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Guide to the Genevieve Didion papers
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The Genevieve Didion Papers are comprised of 3.5 cubic feet of textual and photographic material, bound volumes, and artifacts and ephemera chronicling the life of Genevieve Didion, a Sacramento woman involved in the preservation of local and state history and the improvement of education and youth services. The collection documents her work from 1918-1973 as part of the Native Daughters of the Golden West, the Sacramento Board of Education, and other local efforts related to history and education.
Genevieve Didion was born in 1897 in the Sacramento Valley, where her family had settled in the late 1800s. Raised in a pioneer family, Genevieve Didion strove to preserve the pioneer heritage of Sacramento. Throughout her life she was instrumental in documenting and celebrating the city’s history, and dedicated herself to improving education and providing opportunities for Sacramento’s youth. Genevieve Didion was an active member of the Sacramento Parlor of the Native Daughters of the Golden West, a statewide organization dedicated to reverence of California’s pioneers and preservation of the state’s history. As a member of the Native Daughters of the Golden West, Genevieve Didion spearheaded local efforts to plant memorial groves in memory of California’s pioneers. She succeeded in establishing the Camellia Grove on the Grounds of the State Capitol, as well as other memorial groves planted on the grounds of the California State Fair, McClellan and Mather Air Force Bases, and Sutter’s Fort. Genevieve Didion coordinated social and celebratory events for the Sacramento Parlor, including the Centennial Breakfast at Sutter’s Fort, the Gold Centennial Ball, and Admissions’ Day parades. She also assisted in the creation of the Native Sons and Daughters of the Golden West Children’s Foundation, a statewide charitable organization to aid handicapped children not supported by welfare. Other projects to preserve California’s history interested Genevieve Didion as well. She undertook legislative work in order to have Admissions’ Day declared a state holiday, and to secure “I Love You, California” as the official state song. She lobbied for the passage of legislation to require the state flag to be flown with the American flag over all public buildings in California. In addition to her work to celebrate state history, Genevieve Didion was dedicated to preserving local history. She was active in the Sacramento County Historical Society, and served as a member of the Sophie Comstock Memorial Commission, which coordinated the installation of a memorial to the Pony Express at 2nd and J Streets in downtown Sacramento. For these activities she was recognized by the Grand Parlor of the Native Daughters of the Golden West, and in 1961 received the Woman of the Year award from the Soroptimist Club of Sacramento. The youth of Sacramento were also of great interest and importance to Genevieve Didion. She established and acted as director of the Youth Services Center and the Eaglet Theater for Children. She served as the president of the Sacramento Children’s Receiving Home. For three gubernatorial administrations, Genevieve Didion served as a member of the Governor’s Youth Conference Committee. She actively supported the Girl Scouts of America. She also functioned as a member of the Juvenile Justice Delinquency Prevention Commission, helping to coordinate positive activities for young adults. Genevieve Didion was also devoted to improving education in Sacramento schools. She was first appointed to the Sacramento Board of Education in 1942, and served until 1960, when the Board became elective. Voters promptly returned her to her post, where she remained until her death in 1974 at age 77.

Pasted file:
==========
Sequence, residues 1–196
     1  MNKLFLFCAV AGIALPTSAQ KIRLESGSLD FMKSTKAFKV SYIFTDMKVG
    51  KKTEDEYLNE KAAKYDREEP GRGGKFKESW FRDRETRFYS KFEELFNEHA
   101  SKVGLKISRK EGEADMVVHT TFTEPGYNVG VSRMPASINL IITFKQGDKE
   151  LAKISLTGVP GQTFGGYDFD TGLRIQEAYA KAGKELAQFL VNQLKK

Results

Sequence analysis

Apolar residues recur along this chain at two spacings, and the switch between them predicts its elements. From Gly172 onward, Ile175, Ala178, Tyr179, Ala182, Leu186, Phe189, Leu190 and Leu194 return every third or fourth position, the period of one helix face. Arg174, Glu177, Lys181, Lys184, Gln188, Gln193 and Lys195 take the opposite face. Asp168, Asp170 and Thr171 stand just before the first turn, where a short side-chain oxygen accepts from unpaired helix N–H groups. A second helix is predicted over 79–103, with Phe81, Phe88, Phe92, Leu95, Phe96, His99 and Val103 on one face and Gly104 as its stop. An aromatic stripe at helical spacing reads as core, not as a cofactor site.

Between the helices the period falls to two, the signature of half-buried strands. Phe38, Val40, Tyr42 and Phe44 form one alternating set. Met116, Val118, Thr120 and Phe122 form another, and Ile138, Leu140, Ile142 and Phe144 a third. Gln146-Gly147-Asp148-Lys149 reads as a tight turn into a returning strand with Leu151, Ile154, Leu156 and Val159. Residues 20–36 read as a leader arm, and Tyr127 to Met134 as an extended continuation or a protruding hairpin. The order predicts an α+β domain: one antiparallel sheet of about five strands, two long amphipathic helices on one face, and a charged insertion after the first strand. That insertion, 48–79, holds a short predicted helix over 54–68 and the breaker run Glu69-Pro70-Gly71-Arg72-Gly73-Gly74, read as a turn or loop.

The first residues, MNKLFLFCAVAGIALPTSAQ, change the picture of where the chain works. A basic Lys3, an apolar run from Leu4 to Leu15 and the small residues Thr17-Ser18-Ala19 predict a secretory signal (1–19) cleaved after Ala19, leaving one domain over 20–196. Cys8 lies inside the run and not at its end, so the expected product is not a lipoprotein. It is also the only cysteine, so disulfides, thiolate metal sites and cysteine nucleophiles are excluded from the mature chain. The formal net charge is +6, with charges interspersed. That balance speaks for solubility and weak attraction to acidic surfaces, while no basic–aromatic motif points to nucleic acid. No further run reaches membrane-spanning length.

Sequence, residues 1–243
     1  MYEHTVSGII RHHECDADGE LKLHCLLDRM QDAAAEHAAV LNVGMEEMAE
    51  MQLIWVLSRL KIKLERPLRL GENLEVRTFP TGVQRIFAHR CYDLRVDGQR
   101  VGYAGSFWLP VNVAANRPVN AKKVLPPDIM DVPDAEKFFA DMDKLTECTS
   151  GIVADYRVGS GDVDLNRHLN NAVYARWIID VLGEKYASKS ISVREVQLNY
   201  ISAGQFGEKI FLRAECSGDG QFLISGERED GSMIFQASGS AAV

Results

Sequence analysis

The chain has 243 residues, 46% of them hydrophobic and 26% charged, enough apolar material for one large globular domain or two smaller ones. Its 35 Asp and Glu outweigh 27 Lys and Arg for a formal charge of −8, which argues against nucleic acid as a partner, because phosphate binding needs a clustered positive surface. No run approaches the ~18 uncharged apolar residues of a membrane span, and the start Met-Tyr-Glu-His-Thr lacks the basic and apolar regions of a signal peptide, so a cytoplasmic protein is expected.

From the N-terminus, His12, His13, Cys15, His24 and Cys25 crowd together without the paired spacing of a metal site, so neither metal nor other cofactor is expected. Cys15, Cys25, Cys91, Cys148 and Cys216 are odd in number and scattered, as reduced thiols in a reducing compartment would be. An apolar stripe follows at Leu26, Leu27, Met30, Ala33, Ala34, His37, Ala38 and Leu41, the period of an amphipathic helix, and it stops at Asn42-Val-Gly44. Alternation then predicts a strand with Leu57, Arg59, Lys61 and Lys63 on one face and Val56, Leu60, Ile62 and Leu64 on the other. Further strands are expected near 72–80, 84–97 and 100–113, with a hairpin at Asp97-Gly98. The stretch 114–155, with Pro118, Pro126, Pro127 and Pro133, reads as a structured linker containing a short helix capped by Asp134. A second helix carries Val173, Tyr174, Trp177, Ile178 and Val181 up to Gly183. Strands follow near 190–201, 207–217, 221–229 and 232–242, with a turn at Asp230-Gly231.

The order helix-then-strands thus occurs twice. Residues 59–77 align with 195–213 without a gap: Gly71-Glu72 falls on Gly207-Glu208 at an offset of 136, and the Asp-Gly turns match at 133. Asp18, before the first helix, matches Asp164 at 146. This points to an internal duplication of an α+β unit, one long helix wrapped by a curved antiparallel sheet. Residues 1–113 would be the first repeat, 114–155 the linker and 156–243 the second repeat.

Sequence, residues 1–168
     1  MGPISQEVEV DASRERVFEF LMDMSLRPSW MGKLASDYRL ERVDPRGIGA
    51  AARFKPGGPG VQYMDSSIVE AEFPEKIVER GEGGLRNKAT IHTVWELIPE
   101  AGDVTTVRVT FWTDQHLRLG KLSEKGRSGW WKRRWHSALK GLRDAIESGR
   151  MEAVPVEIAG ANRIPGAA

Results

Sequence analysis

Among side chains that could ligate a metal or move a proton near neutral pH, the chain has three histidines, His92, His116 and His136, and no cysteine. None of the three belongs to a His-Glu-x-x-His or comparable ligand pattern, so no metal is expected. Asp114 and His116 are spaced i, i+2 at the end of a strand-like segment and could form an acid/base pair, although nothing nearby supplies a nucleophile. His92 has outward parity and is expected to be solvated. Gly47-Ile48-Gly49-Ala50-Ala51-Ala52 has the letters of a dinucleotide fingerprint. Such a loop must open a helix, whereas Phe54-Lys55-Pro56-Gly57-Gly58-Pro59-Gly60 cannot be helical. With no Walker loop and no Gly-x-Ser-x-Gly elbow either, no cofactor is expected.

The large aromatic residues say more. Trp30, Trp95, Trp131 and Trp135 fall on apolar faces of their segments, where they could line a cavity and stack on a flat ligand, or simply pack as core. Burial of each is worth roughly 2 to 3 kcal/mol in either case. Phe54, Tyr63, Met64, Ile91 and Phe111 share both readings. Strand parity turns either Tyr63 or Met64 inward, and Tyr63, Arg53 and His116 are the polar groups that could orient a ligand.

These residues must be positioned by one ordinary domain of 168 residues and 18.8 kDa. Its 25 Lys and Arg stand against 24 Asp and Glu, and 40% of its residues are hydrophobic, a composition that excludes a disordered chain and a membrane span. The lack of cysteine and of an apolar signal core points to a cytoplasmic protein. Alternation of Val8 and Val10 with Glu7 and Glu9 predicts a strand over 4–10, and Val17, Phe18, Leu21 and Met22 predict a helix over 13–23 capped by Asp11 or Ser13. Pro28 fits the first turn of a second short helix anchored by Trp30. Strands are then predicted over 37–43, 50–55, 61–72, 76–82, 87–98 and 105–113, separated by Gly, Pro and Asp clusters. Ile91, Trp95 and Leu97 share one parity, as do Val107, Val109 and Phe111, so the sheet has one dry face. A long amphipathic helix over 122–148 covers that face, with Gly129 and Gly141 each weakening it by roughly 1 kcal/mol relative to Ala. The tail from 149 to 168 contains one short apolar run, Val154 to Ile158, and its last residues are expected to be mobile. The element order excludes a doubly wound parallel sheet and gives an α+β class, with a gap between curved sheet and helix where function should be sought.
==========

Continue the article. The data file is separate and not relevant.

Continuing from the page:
3.5 linear feet (7 boxes)
All requests to publish or quote from private collections held by the Center for Sacramento History (CSH) must be submitted in writing to csh@cityofsacramento.org. Permission for publication is given on behalf of CSH as the owner of the physical items and is not intended to include or imply permission of the copyright holder, which must also be obtained by the patron. No permission is necessary to publish or quote from public records.
Collection is open for research use.